According to the National Institute of Mental Health, tens of millions of people in the United States are affected by mental disorders, and only a fraction receive treatment. Iowa State forward Royce White is included in the first count, but more important, he's in the second one, too.
White, a 20-year-old who has been on medication since he was a teen, is the latest athlete to come forward and discuss the issue. It's a bold step for folks whose lives play out in the public eye. He leads the Cyclones in points (12.9), rebounds (9.1), assists (4.9), steals (1.0) and blocked shots (1.1), putting them on the verge of their first NCAA tournament berth in seven years.
"Anxiety isn't really something you can measure," he told the Des Moines Register. "That's why it's so hard to diagnose, so hard to pinpoint. If I didn't take my medication, any number of things could happen: It could affect my mind and my body. I could get the sweats.
"What anxiety is, is your mind telling your body that there's a threat, so it produces adrenaline so you can fight off that threat," he said. "That could make you do anything, conceptually, but I'm not a dumb individual. I wouldn't do something off-the-wall like skydive."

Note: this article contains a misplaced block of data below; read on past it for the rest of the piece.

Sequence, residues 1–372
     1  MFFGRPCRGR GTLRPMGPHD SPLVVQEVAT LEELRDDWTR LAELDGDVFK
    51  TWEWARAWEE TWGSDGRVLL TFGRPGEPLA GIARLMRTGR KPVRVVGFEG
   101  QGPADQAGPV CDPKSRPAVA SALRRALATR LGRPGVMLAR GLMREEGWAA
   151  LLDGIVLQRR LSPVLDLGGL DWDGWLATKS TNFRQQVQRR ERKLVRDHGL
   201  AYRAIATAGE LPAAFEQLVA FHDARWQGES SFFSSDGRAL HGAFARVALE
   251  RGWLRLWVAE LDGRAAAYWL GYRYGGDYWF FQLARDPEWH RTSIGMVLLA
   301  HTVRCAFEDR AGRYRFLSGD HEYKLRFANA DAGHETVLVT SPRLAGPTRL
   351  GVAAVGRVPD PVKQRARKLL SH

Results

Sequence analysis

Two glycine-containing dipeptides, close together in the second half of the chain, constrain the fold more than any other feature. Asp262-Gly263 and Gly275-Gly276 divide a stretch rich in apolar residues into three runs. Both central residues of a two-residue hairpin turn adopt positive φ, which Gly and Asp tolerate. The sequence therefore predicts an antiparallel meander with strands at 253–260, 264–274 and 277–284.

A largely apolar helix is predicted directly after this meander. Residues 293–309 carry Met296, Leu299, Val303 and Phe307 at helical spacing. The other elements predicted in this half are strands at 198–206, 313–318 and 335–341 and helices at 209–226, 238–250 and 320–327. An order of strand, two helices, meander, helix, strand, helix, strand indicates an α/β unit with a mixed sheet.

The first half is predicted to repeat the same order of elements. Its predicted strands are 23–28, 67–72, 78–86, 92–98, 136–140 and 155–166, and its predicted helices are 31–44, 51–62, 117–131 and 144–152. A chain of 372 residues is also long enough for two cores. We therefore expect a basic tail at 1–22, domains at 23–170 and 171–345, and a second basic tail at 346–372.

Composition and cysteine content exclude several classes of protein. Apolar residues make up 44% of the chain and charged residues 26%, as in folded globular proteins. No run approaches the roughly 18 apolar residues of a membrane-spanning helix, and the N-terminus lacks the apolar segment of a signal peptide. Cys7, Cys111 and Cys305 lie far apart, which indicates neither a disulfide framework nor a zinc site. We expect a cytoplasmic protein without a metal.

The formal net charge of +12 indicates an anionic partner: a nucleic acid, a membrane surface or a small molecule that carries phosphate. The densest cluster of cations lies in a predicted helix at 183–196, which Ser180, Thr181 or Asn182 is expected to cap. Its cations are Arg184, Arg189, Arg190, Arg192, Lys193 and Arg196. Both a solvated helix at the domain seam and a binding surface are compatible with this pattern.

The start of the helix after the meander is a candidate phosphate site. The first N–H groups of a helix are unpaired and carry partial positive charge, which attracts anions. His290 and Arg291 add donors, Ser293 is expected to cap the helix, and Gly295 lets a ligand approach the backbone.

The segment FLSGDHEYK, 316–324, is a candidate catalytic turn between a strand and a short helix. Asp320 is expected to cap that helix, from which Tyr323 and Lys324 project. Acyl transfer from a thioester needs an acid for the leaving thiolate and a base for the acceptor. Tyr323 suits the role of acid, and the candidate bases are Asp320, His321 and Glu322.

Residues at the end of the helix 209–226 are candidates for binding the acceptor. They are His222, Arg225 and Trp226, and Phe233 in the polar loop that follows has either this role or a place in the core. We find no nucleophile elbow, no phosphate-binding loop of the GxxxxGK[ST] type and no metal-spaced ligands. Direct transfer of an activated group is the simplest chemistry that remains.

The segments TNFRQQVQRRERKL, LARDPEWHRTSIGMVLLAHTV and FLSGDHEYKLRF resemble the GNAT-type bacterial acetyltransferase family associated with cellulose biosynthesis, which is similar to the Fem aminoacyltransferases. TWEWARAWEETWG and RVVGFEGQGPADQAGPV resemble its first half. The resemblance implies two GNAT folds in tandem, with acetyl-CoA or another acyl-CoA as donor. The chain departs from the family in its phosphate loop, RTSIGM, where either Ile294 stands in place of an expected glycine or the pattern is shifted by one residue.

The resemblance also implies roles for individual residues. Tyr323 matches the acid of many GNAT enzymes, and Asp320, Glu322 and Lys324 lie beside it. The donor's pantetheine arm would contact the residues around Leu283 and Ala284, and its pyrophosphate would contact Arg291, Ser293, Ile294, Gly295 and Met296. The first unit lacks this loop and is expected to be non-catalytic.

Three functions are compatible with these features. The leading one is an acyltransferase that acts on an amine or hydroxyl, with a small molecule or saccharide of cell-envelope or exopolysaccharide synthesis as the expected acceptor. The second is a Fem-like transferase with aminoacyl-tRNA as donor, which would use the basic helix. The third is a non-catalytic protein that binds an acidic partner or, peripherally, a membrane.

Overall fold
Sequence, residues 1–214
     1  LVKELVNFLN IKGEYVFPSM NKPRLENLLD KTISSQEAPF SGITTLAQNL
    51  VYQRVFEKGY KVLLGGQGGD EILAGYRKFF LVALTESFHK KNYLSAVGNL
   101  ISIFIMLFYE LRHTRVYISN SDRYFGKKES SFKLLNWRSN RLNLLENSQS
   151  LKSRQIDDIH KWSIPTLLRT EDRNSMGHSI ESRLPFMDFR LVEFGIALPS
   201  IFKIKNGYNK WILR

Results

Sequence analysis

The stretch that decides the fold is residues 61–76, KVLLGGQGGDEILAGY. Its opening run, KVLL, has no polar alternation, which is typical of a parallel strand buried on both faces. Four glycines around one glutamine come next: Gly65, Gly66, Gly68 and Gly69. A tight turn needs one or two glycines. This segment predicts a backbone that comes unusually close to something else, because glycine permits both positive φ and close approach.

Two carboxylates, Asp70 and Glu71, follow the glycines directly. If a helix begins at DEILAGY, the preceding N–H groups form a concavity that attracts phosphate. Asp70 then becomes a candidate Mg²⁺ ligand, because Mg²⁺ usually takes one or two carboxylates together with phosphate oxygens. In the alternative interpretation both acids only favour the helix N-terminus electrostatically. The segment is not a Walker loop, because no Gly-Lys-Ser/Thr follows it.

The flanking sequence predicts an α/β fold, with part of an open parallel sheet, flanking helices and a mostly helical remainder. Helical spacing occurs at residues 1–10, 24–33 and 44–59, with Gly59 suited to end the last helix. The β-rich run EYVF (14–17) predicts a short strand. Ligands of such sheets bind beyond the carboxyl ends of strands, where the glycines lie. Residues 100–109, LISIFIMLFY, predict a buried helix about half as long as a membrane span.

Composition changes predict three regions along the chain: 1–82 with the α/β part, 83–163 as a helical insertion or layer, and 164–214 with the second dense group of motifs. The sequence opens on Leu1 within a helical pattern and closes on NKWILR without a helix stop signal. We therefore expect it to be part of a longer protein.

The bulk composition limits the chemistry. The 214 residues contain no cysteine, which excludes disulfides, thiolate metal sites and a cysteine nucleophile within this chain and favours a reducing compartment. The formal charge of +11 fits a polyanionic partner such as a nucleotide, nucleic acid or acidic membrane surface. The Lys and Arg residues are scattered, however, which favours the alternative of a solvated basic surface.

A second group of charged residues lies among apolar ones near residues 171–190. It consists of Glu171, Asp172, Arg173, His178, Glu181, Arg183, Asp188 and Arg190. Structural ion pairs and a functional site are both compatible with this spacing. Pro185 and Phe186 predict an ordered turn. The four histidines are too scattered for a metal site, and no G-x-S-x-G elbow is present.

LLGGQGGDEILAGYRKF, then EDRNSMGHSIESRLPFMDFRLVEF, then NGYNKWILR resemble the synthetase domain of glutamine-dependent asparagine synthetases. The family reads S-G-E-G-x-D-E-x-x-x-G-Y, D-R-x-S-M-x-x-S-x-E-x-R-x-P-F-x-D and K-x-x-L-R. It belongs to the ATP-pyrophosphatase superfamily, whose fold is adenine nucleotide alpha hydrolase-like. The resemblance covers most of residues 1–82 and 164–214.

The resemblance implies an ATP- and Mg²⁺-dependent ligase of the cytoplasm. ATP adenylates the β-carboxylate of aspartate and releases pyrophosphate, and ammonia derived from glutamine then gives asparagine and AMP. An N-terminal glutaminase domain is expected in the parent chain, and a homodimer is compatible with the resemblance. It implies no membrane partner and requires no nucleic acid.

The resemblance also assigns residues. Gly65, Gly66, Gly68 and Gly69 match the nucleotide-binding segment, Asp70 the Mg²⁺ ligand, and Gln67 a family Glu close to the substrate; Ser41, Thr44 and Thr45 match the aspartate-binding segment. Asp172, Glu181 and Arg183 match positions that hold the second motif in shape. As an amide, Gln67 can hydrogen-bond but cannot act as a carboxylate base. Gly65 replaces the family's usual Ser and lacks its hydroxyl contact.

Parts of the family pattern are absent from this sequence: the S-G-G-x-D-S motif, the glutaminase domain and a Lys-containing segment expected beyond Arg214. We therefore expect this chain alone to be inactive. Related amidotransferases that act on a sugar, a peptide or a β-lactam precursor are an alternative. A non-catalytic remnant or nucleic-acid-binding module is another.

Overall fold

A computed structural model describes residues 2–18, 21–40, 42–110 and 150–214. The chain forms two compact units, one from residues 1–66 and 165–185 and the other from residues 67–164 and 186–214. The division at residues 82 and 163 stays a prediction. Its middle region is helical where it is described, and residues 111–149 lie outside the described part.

White's admission comes just months after Miami Dolphins star Brandon Marshall made his own brave disclosure. Marshall began a crusade for mental-illness treatment last July, opening up in a lengthy profile story and calling a news conference to reveal his diagnosis with borderline personality disorder.
NFL running back Ricky Williams, who announced his retirement earlier this month, also helped shine the spotlight on mental health. A player who once used to keep his helmet on during interviews, Williams was later diagnosed with social anxiety disorder.
Fortunately for Williams, Marshall and White, none of them ever experienced the harrowing ordeal of Barrett Robbins. The former Oakland Raiders center, diagnosed with bipolar disorder, went on a binge on the eve of Super Bowl XXXVII in San Diego, leading him to miss the game. He eventually lost his job and his family and wound up in jail, his current location.
With the help of medication, White is winning his battle. The music and fashion industries are among the elements in his 10-year plan for the future, which also includes a blog on mental illness and working with monks in Tibet.
"It's two different worlds for me," he said. "There's who I am off the court, and who I am on the court. Who I am on the court comes secondary to all the other stuff."
And if his story helps bring more attention to mental illness and the need for treatment, he's all for it.